5 Big Problems with “Exodus: Gods and Kings”

20th Century Fox

This past weekend saw the release of the Ridley Scott’s latest sword-and-sandals epic, and the third major Bible-based film of the year, Exodus: Gods and Kings.

Covering the story of the first Passover (but with extra shield-and-sword mayhem thrown in for good measure), the movie stars Christian Bale as Moses and Joel Edgerton as his brother by adoption, Pharaoh Ramses. Winning the weekend with a modest (for big-budget blockbusters at least) of $24.5 million, Exodus finally unseated three-week box office champion and latest Hunger Games sequel Mockingjay – Part 1.

When known unbeliever Ridley Scott was announced as the director, faithful film buffs feared the worst. Not only were many unsure whether he would treat the Biblical story with respect, but his film record since the smash hit Gladiator has been rather uneven (Robin Hood, Kingdom of Heaven, and Prometheus all failed to connect with wide audiences). As it turns out, Exodus is thankfully respectful of believers, if not a little ambiguous about the goodness of God. But sadly, a number of Scott’s artistic decisions effectively rob the story of its potential to entertain and to uplift.

Here are five big problems with Exodus: Gods and Kings (SPOILERS AHEAD… for anyone who isn’t familiar with the Book of Exodus):

1) The Dialogue

Along with recent special-effects-driven blockbusters like Godzilla and Man of Steel, Exodus suffers from an unremarkable script, especially dialogue between main characters. Christian Bale is one of the great actors of our time, but even he fails to impress when he’s given so little material to work with. Scenes that should have evoked an enormous emotional response from the audience (Moses finding out about his true heritage, meeting his real family, etc.) instead fall flat.

There are, of course, a few scenes where the dialogue works well. These better moments fall into the following two categories: 1) Dialogue between Moses and Ramses, and 2) dialogue between Moses and his wife, Zipporah. Ridley Scott wants us to care about the relationships between these characters, and it shows. These scenes aren’t perfect, but unlike the majority of the film, they don’t suffer from an overabundance of clichés.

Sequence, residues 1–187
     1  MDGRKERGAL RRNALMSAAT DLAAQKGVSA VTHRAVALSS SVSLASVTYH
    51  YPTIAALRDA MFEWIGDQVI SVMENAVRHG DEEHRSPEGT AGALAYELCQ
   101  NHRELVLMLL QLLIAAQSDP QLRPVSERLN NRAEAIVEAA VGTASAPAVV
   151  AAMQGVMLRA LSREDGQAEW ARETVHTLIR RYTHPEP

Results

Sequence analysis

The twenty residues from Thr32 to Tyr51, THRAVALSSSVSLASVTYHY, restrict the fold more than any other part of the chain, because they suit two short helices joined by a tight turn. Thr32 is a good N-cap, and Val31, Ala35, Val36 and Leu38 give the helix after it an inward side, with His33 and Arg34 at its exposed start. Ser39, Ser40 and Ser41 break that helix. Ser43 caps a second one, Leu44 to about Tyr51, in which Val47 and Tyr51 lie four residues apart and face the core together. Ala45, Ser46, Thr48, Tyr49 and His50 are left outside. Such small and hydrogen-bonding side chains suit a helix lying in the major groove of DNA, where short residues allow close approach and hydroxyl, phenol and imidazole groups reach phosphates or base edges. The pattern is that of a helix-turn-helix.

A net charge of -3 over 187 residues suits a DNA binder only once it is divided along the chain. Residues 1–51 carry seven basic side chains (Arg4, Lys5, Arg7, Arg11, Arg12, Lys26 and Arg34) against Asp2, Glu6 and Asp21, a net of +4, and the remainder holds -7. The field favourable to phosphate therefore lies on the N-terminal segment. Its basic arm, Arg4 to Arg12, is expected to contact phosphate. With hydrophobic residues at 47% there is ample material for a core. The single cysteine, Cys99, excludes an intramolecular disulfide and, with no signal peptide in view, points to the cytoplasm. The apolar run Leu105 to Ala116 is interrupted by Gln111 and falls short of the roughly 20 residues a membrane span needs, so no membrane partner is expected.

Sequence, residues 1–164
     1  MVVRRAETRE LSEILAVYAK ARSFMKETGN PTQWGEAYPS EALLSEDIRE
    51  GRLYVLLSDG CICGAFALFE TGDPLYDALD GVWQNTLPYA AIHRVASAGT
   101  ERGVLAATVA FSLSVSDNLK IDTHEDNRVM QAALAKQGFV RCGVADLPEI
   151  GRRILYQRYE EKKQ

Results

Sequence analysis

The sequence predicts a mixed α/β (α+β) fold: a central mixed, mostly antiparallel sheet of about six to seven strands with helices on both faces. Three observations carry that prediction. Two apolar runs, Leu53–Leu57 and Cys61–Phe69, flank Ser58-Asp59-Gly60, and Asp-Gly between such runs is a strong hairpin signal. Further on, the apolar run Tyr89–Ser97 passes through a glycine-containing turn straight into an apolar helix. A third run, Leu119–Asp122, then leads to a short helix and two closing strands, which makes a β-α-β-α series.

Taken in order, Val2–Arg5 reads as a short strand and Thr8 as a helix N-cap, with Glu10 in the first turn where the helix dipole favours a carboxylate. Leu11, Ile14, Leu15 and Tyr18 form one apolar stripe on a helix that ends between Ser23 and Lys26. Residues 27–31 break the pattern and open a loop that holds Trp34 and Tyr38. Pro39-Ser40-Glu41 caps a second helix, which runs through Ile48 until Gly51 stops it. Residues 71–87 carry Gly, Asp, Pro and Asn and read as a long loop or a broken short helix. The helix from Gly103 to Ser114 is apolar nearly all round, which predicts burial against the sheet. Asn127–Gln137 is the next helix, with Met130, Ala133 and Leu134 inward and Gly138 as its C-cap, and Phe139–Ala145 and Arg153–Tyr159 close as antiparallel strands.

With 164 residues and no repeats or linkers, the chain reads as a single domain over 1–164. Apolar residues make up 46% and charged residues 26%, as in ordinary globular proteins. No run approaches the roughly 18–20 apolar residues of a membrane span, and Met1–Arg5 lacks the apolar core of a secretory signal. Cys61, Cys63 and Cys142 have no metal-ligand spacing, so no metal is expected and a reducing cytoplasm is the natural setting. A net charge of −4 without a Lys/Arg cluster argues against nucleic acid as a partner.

2) The Atmosphere

Full disclosure: Like many of my fellow “Millennials”, I grew up watching DreamWorks’s The Prince of Egypt, not The Ten Commandments, so maybe my expectations of a vivid, colorful illustration of life in Ancient Egypt were a little unreasonable. However, the director’s intention becomes clearer based on the film’s plagues sequence. Never have the Ten Plagues been rendered in a more shocking manner, especially in the case of the Death of the Firstborn. In this context, it is possible that Ridley Scott felt bound to darken the mood of the film as a whole.

That being said, Exodus is just an oppressively gray movie. Except for a few short scenes between Moses and Zipporah, the film’s color palette seems specifically designed to depress rather than to entertain. And when this lack of visual stimulation is combined with the tired dialogue discussed above, the result is the cinematic equivalent of a sleeping agent.

3) Moses as disturbed prophet

When director Luc Besson set out to make his film The Messenger: The Story of Joan of Arc, his single biggest mistake was portraying one of France’s greatest saints (played by Milla Jovovich) as a tortured and ambivalent prophetess, unsure of herself or the true will of God, and quite possibly insane. Unfortunately, Ridley Scott replicates this strategy with Christian Bale’s Moses. Like Besson’s Joan, it is sometimes unclear (at least early in the film) whether this Moses is actually receiving a revelation from God, or if he is simply losing his mind. He brims with rage at a Creator he does not understand, and he never seems more than a few steps away from a nervous breakdown.